In October 2012, the Catholic bishops of Germany received an invitation that left them stumped. German Protestants had asked them to join in the jubilee celebrations of the Reformation in 2017, specifically in the events leading up to the 500th anniversary of Luther’s posting of 95 Theses to the church door in Wittenburg, the act considered to have launched the Reformation.

Not surprisingly, the bishops were cautious. “It depends on the character of the events planned,” said their spokesman, Bishop Gerhard Feige. “Catholic Christians consider the division of the Western Church as a tragedy – and do not think they can celebrate this merrily.”

Clearly, a great deal of discussion about the character of those events has taken place in the meantime. Cardinal Reinhard Marx, the president of the German bishops’ conference, and Bishop Heinrich Bedford-Strohm, chairman of the German Protestant churches, have marked the anniversary by leading an ecumenical pilgrimage to the Holy Land, and will hold a Lent service dedicated to healing memories. Moreover, Pope Francis is travelling to Sweden to take part in a service marking the beginning of preparations for the jubilee.

For many Catholics, the anniversary of the Reformation will be a matter of great sorrow. It is hard to see how any Catholic could celebrate an event which ruptured Western Christendom and rejected many teachings of the Church, and indeed this magazine has termed any prospect of a joint celebration a “naïve initiative”.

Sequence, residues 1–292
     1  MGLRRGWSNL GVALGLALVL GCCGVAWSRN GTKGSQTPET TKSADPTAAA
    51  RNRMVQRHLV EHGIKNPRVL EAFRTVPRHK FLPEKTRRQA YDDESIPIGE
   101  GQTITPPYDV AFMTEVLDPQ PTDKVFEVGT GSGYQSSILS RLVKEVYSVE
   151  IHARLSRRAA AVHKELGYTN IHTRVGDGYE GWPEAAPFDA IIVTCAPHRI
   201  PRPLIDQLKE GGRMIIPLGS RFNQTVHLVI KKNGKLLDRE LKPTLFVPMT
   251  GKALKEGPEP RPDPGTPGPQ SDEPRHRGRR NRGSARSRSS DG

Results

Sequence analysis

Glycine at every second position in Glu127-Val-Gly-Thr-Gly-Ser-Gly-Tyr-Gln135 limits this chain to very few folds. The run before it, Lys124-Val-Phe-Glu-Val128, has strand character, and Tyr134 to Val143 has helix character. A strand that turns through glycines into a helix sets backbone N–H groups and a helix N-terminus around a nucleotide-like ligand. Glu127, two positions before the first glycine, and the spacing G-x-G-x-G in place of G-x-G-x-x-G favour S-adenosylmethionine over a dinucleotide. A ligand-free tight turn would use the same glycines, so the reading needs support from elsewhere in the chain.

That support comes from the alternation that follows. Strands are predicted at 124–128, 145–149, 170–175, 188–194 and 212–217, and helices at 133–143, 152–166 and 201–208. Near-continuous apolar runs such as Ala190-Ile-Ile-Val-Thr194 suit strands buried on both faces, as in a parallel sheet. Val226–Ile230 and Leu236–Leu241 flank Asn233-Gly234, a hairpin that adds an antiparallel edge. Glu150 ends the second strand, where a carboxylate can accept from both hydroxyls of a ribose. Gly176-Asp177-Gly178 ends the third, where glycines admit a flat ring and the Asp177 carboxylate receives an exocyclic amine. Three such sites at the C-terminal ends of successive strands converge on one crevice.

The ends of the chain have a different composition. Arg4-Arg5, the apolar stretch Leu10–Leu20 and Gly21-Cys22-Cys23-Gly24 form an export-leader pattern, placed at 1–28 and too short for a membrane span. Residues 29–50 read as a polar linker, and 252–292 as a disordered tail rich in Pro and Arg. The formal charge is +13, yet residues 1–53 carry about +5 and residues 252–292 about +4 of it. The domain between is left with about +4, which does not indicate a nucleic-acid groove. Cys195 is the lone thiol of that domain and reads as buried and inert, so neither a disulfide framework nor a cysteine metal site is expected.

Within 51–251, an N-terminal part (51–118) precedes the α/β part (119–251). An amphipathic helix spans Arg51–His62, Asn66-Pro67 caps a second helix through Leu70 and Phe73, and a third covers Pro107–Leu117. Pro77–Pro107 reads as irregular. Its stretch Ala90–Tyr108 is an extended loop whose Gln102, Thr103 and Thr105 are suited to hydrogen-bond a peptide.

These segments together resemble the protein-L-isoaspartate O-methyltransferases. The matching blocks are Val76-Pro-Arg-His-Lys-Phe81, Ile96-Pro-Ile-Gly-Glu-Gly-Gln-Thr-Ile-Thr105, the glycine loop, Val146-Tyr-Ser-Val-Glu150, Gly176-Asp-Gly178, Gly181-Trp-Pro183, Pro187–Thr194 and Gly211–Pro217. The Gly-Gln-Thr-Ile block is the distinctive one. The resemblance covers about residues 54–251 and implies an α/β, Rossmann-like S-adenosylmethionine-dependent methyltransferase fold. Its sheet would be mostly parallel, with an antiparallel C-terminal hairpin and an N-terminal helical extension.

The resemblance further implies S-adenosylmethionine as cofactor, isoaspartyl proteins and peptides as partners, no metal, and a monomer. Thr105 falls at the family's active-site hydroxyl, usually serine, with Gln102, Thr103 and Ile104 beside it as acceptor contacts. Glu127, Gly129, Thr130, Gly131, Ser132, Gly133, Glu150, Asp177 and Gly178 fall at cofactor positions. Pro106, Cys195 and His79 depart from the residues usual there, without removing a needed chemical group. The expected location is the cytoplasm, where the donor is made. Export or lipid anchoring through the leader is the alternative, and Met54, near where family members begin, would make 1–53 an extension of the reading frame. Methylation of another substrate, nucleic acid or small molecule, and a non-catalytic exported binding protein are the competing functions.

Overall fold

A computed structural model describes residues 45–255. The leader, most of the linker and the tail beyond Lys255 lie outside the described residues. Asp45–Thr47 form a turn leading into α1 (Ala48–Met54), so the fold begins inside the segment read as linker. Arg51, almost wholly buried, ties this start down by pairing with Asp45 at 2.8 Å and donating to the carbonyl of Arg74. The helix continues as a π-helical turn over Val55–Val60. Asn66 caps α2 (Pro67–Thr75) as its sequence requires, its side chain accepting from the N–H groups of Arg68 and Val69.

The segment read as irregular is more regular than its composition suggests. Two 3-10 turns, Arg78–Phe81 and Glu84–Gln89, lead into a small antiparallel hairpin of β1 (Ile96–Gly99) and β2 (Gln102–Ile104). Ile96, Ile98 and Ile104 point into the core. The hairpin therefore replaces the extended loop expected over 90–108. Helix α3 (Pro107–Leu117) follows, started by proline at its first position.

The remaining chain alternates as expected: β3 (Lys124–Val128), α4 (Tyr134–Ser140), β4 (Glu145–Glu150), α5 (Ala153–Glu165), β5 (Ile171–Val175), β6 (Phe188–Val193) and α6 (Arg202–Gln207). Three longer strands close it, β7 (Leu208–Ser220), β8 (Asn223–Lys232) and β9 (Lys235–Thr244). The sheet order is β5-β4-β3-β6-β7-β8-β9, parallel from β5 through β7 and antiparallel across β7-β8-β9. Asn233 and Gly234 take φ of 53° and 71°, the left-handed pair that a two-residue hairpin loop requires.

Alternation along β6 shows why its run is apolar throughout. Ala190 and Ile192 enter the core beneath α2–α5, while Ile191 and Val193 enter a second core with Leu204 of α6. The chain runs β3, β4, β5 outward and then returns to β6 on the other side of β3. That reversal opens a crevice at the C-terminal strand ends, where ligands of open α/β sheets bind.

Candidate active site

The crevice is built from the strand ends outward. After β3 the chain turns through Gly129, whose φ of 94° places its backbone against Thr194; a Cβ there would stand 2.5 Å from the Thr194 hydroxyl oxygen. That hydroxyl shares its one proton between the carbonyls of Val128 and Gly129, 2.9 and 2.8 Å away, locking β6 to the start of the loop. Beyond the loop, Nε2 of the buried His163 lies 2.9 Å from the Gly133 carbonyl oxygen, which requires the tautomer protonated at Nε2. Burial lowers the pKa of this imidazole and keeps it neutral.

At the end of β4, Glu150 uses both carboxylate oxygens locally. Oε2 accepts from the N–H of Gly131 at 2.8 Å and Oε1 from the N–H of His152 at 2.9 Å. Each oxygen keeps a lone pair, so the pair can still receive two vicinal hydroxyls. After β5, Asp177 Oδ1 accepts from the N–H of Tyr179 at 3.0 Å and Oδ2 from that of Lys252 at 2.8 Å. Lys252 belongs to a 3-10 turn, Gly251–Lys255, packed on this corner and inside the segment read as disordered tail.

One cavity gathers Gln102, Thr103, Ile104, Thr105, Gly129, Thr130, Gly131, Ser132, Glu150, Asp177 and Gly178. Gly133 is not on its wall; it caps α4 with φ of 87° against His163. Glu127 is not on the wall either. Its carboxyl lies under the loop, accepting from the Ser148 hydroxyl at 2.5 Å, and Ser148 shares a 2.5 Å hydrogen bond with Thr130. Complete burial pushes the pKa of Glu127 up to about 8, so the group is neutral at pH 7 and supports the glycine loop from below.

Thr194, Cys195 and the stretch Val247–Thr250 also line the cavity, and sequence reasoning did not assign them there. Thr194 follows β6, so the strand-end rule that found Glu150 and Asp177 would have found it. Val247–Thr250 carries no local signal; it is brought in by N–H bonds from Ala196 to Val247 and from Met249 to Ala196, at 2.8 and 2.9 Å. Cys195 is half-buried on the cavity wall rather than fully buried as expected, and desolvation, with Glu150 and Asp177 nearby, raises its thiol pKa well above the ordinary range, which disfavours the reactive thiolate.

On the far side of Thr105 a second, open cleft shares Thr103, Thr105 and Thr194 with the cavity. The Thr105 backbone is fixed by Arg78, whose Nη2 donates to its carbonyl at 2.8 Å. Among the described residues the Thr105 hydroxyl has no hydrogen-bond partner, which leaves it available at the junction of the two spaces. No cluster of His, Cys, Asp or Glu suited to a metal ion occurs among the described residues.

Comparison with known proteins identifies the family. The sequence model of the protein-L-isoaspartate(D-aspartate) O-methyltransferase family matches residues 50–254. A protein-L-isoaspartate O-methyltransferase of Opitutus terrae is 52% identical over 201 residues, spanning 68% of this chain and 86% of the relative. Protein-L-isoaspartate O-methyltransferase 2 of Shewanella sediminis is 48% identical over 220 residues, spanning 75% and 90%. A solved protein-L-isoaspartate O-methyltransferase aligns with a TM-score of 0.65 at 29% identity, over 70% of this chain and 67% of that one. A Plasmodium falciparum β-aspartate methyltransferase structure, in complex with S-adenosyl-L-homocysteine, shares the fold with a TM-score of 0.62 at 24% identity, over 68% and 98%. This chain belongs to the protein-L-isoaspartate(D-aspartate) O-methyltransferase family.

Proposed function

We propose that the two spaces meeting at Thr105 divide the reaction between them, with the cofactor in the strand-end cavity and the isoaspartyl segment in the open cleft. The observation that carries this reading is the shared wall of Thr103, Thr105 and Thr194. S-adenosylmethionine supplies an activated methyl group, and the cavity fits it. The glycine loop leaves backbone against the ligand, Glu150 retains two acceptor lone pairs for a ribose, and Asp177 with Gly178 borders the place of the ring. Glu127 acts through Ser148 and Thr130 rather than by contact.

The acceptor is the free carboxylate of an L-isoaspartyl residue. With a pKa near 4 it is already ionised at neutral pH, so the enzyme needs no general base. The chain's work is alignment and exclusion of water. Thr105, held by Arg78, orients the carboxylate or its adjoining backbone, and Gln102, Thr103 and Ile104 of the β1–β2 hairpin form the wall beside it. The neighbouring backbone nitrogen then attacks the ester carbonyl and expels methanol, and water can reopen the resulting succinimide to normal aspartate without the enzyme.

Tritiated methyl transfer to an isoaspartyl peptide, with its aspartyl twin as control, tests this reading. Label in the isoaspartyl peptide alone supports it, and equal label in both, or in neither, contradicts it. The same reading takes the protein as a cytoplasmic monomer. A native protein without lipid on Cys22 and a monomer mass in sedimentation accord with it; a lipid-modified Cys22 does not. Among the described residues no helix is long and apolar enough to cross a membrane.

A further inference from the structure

Yet this anniversary takes place in a new era in relations between Catholics and Lutherans, an ecumenical engagement inaugurated by the Second Vatican Council which allows each side to see the Reformation in a way that does not deny, but rather transcends, old polemics. This new encounter culminated in the 1999 “Common Declaration on the Doctrine of Justification”, officially received by both the Vatican and the Lutheran World Federation, which expressed a common understanding of one of the hotly contested causes of the Reformation.

Certainly, the involvement of Catholics in the anniversary presents a challenge for both sides, and calls for a fresh approach to our Reformation legacy. “From Conflict to Communion” is the aptly titled document issued in 2013 by the official Lutheran-Catholic dialogue, outlining a common approach to the forthcoming anniversary of Luther. There are, traditionally, strongly partisan interpretations of the movement Luther started. For Catholics, “Reformation” means “division”, whereas for Protestants it means “rediscovery of the Scriptures”. Both points of view need to be taken seriously by each side.

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